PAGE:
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English

At West Acton we believe that a high-quality curriculum in English will support pupils to speak and write fluently so that they can communicate their ideas and emotions to others. Through reading in particular, pupils have a chance to develop culturally, emotionally, intellectually, socially and spiritually. Literature, especially, plays a key role in such development.

The key purpose of English in the national curriculum is to promote high standards of language and literacy by giving pupils a strong command of the spoken and written word, and to develop their love of literature through widespread reading for enjoyment.

In early reading and writing, children are taught to develop their phonological awareness through the Read Write Inc program, which is a systematic and structured approach to phonics. These daily phonics lessons enable children to use their phonic knowledge to read and spell. Once children have acquired the skills to segment for spelling and blend for reading they are taught to develop their comprehension skills.

Year Group

Examples of English skills

Nursery

  • Develop listening skills and attention in order to discriminate between different sounds.
  • Build their awareness of the way in which stories are structured and describe main story settings, events and characters.
  • To begin to ascribe meaning to marks they draw and paint and those which they see in different places.

Reception

  • Develop blending of simple sounds for reading and segmenting for writing
  • Read common irregular but high frequency words
  • Develop reading for meaning
  • To write simple sentences which can be read by others

One

  • Build vocabulary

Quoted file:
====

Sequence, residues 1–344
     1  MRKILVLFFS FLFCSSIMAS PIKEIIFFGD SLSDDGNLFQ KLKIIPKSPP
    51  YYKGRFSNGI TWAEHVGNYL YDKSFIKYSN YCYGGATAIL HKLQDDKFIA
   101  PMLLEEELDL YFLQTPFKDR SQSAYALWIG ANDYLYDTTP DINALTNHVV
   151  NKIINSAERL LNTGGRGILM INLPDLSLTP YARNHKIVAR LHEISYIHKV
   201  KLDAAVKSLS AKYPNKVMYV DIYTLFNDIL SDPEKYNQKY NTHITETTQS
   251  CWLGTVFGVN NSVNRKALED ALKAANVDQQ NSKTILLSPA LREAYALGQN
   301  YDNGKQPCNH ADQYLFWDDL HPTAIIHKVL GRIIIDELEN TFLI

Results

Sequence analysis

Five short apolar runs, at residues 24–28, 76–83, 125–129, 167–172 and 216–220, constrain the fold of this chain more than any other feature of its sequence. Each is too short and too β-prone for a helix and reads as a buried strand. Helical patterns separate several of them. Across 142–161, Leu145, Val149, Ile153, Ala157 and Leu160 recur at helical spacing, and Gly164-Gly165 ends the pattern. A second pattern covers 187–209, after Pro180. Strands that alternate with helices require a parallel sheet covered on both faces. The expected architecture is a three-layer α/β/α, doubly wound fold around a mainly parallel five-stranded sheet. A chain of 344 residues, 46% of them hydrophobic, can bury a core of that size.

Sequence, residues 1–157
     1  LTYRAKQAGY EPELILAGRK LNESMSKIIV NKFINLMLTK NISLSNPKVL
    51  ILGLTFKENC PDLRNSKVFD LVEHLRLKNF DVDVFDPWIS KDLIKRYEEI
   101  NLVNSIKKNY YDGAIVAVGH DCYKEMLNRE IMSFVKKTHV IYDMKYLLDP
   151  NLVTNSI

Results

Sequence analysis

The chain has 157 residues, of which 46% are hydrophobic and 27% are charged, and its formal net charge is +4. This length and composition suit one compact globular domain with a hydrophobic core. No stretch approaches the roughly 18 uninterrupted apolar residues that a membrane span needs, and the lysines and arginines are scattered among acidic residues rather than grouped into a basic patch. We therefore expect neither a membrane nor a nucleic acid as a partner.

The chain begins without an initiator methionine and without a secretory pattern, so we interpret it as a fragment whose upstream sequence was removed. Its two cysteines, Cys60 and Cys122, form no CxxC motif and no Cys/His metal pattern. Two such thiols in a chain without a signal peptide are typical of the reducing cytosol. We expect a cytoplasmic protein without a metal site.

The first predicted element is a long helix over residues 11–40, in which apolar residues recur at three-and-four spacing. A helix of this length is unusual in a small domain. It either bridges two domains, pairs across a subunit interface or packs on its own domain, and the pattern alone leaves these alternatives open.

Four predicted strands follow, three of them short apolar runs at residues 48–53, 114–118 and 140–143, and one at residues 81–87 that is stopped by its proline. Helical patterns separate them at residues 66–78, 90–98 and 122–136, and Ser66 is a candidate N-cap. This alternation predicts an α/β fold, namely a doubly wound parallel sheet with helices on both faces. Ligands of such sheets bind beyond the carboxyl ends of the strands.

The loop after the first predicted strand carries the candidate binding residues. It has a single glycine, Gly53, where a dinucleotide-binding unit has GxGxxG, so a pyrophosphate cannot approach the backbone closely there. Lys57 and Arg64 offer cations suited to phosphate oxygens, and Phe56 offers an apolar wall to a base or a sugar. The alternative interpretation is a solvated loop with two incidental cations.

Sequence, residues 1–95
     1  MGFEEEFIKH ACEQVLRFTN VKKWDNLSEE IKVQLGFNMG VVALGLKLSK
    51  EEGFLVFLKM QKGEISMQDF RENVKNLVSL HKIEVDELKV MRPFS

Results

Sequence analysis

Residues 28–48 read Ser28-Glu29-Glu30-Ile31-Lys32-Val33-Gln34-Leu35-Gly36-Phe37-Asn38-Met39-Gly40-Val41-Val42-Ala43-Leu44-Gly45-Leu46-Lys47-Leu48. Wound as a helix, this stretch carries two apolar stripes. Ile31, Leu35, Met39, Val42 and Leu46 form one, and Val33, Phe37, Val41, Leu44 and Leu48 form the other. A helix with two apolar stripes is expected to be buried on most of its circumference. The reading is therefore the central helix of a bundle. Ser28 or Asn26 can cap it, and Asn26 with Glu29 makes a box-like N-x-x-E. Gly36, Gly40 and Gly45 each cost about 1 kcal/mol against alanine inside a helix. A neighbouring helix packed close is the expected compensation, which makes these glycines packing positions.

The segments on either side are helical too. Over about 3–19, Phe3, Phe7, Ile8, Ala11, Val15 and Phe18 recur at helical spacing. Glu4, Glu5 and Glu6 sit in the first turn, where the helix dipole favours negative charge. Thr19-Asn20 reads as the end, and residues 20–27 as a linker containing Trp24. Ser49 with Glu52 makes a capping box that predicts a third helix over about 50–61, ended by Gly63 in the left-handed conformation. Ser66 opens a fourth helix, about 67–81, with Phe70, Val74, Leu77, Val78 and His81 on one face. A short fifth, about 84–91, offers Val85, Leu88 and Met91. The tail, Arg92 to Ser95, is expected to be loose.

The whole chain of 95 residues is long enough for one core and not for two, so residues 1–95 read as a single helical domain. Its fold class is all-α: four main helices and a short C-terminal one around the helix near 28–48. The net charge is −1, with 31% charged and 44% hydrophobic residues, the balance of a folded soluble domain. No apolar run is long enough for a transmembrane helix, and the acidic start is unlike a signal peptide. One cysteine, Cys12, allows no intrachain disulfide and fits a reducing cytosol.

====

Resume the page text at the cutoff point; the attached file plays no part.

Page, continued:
• Build up their fluency and confidence in word reading
  • Sequencing sentences to form short narratives

Two

  • Articulate and justify answers, arguments and opinions
  • Read most words quickly and accurately, without overt sounding and blending, when they have been frequently encountered
  • Answering and asking questions about books
  • Writing for different purposes – about real and fictional events and poetry

Three

  • Consider and evaluate different viewpoints, attending to and building on the contributions of others
  • Drawing inferences such as inferring characters’ feelings, thoughts and motives from their actions, and justifying inferences with evidence
  • Begin to organise paragraphs around a theme
  • In narratives, creating settings, characters and plot

Four

  • Speak audibly and fluently with an increasing command of Standard English
  • Identifying how language, structure, and presentation contribute to meaning
  • In non-narrative material, using simple organisational devices [for example, headings and sub-heading

Five

  • Consider and evaluate different viewpoints, attending to and building on the contributions of others
  • Identifying how language, structure and presentation contribute to meaning
  • In writing narratives, considering how authors have developed characters and settings in what pupils have read, listened to or seen performed

Six

  • Explain and discuss their understanding of what they have read, including through formal presentations and debates, maintaining a focus on the topic and using notes where necessary
  • Using a wide range of devices to build cohesion within and across paragraphs
  • Proof read and edit their work

We expect that children will take pride in the presentation of their writing developing a handwriting style that is legible, joined and fluent. We use the Nelson handwriting script across the school.

Spelling, punctuation and grammar is an important part of a child’s increasing confidence in reading and writing. We teach spelling patterns from year two onwards. We integrate learning about punctuation and grammar into our English lessons, allowing opportunities for the children to apply their learning independently in their writing.